While some students said they would have preferred working with their assigned project group, others found the experience of working with “strangers” to be quite rewarding. One student commented that the most helpful part of the workshop was “learning to create a presentation and to cope with a brand new team under time constraint.” Another student realised “how I am able and should contribute in a group and ways to do that even if I’m feeling shy.” Many others thought it was valuable simply because they were able to meet others in their course they had not met previously.

 

Reviewing and synthesising material quickly and critically

Some students particularly valued the chance to work under pressure in a simulated real-world context. For example, among the highlights cited were learning to “cop[e] with stress and information overload” and “working to time and honing our existing skills in analysis and presenting information.” Another found that “working with strangers on a completely new and engaging, interactive project” to be their favourite part of the workshop.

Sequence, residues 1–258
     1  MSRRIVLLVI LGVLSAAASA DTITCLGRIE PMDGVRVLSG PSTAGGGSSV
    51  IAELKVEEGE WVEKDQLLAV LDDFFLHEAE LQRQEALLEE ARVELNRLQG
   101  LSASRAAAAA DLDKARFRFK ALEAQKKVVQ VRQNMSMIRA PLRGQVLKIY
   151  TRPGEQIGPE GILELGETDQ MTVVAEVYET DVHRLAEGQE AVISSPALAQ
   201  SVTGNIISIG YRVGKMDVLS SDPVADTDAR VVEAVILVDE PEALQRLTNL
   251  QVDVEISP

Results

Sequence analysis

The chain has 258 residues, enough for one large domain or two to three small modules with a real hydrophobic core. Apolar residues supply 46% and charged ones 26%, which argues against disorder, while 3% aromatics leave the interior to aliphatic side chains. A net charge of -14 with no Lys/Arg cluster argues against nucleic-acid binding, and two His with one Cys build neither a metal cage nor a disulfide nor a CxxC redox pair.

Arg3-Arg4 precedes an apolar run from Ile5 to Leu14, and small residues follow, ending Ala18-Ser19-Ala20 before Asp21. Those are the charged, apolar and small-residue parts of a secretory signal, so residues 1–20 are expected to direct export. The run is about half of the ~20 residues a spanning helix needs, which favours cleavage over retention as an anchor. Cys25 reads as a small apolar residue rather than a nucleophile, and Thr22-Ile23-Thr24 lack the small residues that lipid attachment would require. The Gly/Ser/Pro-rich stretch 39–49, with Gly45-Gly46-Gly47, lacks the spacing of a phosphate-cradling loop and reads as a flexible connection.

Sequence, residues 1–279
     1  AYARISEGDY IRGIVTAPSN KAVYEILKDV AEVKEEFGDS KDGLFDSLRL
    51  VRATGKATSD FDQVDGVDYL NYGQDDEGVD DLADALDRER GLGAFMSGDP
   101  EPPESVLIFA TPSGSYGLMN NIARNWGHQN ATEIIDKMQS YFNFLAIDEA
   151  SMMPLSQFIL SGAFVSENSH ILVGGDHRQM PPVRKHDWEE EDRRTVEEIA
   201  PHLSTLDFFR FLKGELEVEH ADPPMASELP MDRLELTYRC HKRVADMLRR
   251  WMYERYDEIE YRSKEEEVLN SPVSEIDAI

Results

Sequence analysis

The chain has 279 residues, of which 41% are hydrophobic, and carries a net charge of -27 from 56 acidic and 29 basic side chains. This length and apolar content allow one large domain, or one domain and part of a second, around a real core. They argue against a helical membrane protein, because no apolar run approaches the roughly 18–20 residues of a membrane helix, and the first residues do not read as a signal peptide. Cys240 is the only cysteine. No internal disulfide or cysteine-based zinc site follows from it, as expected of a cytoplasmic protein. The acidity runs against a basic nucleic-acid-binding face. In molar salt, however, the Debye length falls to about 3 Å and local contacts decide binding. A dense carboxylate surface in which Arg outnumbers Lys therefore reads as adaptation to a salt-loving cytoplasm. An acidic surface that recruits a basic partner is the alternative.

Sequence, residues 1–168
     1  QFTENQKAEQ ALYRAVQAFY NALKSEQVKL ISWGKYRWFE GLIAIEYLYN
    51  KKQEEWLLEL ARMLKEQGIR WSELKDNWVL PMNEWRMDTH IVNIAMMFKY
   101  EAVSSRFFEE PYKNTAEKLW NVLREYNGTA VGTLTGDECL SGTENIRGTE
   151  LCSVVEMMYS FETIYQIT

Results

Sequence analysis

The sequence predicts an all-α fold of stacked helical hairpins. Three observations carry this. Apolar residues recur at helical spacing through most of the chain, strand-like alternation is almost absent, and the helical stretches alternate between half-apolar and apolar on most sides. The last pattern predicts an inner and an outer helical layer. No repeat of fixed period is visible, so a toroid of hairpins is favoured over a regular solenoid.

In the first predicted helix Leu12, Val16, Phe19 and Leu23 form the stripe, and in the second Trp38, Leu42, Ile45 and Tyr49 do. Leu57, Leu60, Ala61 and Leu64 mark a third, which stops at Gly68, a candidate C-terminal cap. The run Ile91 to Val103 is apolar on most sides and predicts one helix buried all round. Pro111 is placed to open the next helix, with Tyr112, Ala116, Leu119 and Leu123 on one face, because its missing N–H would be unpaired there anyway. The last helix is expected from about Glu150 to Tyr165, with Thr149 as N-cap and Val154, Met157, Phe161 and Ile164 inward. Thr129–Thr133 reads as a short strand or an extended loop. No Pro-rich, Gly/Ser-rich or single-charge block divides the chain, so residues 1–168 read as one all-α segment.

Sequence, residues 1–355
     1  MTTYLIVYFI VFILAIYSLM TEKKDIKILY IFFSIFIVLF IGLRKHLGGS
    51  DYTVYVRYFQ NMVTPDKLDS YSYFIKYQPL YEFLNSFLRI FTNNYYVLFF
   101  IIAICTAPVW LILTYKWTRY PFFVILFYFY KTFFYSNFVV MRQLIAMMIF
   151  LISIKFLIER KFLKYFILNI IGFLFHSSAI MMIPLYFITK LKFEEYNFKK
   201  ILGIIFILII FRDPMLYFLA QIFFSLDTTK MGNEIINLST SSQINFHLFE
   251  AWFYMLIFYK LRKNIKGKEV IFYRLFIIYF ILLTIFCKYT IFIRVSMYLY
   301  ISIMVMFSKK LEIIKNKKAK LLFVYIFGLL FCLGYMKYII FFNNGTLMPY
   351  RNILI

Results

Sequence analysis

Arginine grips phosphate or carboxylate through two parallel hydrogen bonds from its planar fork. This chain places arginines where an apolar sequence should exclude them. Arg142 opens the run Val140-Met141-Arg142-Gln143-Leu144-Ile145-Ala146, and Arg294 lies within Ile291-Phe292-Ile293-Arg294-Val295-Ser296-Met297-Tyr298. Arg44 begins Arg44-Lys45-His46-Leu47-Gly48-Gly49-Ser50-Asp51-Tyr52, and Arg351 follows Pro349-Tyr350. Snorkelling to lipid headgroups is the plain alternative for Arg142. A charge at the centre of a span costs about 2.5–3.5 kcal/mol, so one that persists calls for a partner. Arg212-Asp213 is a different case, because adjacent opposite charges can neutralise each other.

Observation

Many students found the observation to be the most helpful part of the day. They considered observation to be a “means for self-reflection” and a way to “strengthen your own team performance.”   Many were surprised that they were asked to observe as a task in a group work/presentation workshop; and some actually preferred the observers’ role to the presenters’ role: “It was really fascinating to self-reflect on my own group habits and interactions. It was a creative way to get us thinking about how we carry ourselves. I absolutely learned more in the observer role than the case study role.”